Adam Truong

Biological Sciences

Adam Truong studied the role of gap junctions in mediating synchronous membrane potential oscillations in projection neurons in Drosophila pupae. He then designed experiments using the more developed and complex neural connections of adult Drosophila brains and discovered a novel connection between projection neurons. In 2012, Adam received a Master’s Degree in Global Medicine from the University of Southern California, and is currently studying to receive his degree in medicine from the University of California, Irvine School of Medicine. He hopes to use both degrees to unite his twin passions of international public health and allopathic medicine.triangle.gif (504 bytes)




Chemical synaptic transmission mediates information transfer between neurons in the insect antennal lobe and plays an important role in processing olfactory information. In contrast, while electrical synapses (gap junctions) play a clear role in neuronal communication in the mammalian olfactory bulb, relatively little is known about their role in the antennal lobe. A recent study reported that electrical synapses mediated by innexin8 encoded gap junction proteins form specifically between projection neurons (PNs) that innervate the same but not different antennal lobe glomeruli in the intact adult fly brain. The current study showed correlated membrane potential oscillations between randomly selected PNs. This led to the hypothesis that gap junctions are important for synchronizing activity between PN pairs that innervate both the same and different glomeruli. Recordings were made from pairs of projection neurons and the dendrites for each projection neuron were located. This demonstrated that PN pairs innervating different glomeruli showed correlated electrical activity even with chemical synaptic transmission blocked. Correlated activity also was reduced in PN pairs in innexin8 mutants compared to wildtype. These data show that innexin8 encoded gap junction proteins are important in synchronizing activity between PNs that innervate different and the same antennal lobe glomeruli.triangle.gif (504 bytes)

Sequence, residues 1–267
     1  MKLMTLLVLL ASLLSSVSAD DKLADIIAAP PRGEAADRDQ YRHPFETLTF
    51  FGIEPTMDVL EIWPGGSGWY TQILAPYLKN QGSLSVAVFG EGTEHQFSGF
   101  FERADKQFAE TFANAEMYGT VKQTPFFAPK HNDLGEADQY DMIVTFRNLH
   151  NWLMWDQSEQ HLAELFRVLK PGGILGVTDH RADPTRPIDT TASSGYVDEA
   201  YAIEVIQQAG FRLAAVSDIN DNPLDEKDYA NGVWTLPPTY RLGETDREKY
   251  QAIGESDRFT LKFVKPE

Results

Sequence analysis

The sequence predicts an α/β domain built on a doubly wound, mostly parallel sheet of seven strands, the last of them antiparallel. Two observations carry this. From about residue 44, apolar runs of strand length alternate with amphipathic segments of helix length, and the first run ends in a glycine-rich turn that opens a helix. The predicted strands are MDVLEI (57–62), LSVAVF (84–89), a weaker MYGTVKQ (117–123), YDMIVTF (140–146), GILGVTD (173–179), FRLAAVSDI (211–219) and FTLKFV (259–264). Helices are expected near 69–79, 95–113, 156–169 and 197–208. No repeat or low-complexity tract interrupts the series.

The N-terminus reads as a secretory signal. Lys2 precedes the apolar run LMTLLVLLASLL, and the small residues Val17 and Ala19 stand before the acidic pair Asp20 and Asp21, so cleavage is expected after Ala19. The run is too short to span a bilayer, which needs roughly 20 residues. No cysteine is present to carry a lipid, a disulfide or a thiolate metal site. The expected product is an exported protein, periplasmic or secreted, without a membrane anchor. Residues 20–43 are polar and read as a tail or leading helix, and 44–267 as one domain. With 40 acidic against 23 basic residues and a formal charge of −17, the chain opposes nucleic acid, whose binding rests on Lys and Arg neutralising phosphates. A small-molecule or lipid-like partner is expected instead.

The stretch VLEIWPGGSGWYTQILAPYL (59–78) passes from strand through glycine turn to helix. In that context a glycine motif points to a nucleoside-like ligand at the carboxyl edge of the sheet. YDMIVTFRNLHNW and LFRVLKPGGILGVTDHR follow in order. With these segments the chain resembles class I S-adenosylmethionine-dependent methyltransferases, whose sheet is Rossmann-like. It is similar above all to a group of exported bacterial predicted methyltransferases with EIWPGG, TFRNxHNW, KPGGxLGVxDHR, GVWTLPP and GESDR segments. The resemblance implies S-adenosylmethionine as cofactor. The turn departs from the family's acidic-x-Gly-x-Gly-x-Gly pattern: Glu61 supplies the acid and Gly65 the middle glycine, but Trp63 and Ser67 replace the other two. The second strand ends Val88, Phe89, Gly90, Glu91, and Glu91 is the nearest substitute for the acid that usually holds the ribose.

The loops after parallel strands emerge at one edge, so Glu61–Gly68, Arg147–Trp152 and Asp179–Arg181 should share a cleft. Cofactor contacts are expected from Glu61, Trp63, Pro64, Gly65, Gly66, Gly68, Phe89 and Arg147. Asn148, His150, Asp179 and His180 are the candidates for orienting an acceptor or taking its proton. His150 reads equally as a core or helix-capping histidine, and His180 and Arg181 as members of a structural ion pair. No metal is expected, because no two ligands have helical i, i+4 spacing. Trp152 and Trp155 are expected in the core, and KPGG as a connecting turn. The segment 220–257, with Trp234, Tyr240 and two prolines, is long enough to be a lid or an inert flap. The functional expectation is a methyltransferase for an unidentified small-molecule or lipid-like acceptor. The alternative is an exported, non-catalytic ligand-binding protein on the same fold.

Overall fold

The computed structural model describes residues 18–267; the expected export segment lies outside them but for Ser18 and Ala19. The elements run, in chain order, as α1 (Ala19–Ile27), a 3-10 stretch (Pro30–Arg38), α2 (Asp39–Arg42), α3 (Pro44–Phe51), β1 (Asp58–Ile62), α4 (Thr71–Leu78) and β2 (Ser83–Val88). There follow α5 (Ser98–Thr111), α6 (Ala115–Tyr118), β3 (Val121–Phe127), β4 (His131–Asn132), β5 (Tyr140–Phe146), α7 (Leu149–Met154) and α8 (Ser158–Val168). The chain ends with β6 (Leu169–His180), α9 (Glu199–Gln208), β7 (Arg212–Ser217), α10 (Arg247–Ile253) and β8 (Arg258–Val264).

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Faculty Mentor                                                                                                                

Diane K. O'Dowd

School of Biological Sciences

Adam joined the lab in the summer following his freshman year and did research every quarter until he graduated. Early on he enthusiastically applied himself to developing the fine micro-dissection skills required to remove the brain from the head of a tiny fruit fly. Adam then undertook the heroic task of recording simultaneously from two neurons in a well-defined neural circuit that processes olfactory information in the fly brain. The data in his excellent paper demonstrate coordinated activity between two different neuronal subtypes, revealing a novel pathway of communication between neurons in this circuit. Adam took full advantage of his time in the lab, learning do science and to think like a scientist.triangle.gif (504 bytes)

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